I live in Portland, Oregon, where it rains A LOT. Keeping water away from the house is a major concern, especially if you've got grading or landscaping that makes it more difficult. I had a large garden in my backyard, and within that garden, I created a rain garden. I routed the downspout into that rain garden for easy water management.
Unfortunately, that garden became overrun by invasive, persistent grass and needed to be removed and covered to kill the grass.
This created a problem with the downspout. The area was covered in layers of cardboard and plastic and then gravel, rocks, and mulch - i.e., not ideal for water containment. Plus, the grading slanted toward the house a little. It was nearing the end of summer and entering the many months of rain. I realized that the quickest and easiest solution would be to contain and then re-route the water via a rain barrel. I began researching rain barrels and found that they seemed overly expensive, prone to cracking, somewhat fussy, and difficult to maintain. The cheapest one I found was $80, and it looked challenging to clean given its tall body and small lid. Plus, it didn't include a stand, which is a crucial part of the rain barrel system.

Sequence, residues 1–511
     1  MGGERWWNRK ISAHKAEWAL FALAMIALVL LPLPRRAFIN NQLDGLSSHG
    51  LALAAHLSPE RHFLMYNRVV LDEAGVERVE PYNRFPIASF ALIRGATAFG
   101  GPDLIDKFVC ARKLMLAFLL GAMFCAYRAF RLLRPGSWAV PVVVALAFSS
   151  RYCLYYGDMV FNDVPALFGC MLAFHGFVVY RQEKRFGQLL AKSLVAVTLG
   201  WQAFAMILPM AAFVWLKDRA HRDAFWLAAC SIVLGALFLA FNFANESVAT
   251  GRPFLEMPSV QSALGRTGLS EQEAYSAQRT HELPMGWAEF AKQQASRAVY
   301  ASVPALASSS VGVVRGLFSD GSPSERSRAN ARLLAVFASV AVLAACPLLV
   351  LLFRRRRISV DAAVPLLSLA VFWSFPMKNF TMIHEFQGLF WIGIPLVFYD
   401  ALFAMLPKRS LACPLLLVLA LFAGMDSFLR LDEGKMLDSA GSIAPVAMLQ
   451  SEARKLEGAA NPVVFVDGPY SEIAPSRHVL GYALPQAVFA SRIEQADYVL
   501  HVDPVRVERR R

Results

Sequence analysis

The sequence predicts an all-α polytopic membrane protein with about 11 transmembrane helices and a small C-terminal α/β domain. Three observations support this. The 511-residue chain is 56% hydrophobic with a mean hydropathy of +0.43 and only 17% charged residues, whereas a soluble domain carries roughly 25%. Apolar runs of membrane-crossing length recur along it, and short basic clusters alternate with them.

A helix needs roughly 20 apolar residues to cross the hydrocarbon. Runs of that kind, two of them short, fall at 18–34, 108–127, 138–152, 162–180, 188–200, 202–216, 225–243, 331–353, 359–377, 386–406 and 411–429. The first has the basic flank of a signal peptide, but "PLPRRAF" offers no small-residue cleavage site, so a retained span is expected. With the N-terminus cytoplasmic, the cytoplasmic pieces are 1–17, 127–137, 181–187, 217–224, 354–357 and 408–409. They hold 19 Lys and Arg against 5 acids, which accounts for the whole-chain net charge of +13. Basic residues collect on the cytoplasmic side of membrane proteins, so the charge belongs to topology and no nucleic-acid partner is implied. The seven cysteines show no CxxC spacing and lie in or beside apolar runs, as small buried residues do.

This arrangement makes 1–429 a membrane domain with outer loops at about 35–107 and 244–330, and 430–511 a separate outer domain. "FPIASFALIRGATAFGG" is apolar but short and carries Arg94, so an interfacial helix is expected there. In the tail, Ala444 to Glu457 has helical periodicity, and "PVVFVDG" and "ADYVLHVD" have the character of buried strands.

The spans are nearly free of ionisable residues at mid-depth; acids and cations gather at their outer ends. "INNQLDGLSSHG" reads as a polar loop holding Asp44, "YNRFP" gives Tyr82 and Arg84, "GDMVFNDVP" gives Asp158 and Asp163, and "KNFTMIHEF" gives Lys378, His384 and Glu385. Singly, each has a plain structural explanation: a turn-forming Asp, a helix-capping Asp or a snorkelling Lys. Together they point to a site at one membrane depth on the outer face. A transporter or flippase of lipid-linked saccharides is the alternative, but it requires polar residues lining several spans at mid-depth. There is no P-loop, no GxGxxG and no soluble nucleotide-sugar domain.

What about a garbage can? I began Googling garbage can rain barrels and JACKPOT! I came across the perfect solution at the website Just Measuring Up. The design looked easy to build, and I already had many of the materials and tools necessary. This is also why it cost me $50 but may cost you more if you need to purchase lumber for the stand, tools, etc.
The one difference is that I was planning to connect it to a downspout, and the example was just for collecting rainwater to service a garden far from the house. Not a problem, I would make the following modifications:
1) Get a bigger garbage can - They used a 20 gallon can, and I used a 32 gallon can. If you're planning to connect to a downspout, I wouldn't get smaller than a 32 gallon can. I was stunned at how much water you can collect even from a light rain.
2) Create more drain holes in the lid - They drilled 5 holes, and I drilled 8 holes. I don't know if this was necessary, but I figured it couldn't hurt, and it's working beautifully.
3) Use rocks and mini-bungee to secure downspout - You can see this in my photos and video. I used a mini-bungee to attach the downspout to the barrel and used rocks to keep the downspout aligned with the drainage holes. I also added the gravel to stop splashing, although I don't know if it's doing anything. It looks nice.
Other than that, I followed the instructions to the letter.
I purchased the Rain Barrel Spigot from Amazon. I bought the garbage can, waterproof tape, and hole saw at Lowes. I already had the bungees, screen material, and lumber. From my research, even if you had to buy all of the materials, it would still be cheaper than most rain barrels.
I keep a hose permanently connected to the downspout, and it automatically diverts the water away from the house. During the rainy season, I will keep the hose system in place. Once the rain becomes more sporadic, I will begin collecting the rain to water the plants.
This was a fun DIY project that has proved very useful.
Please let me know if you have any questions.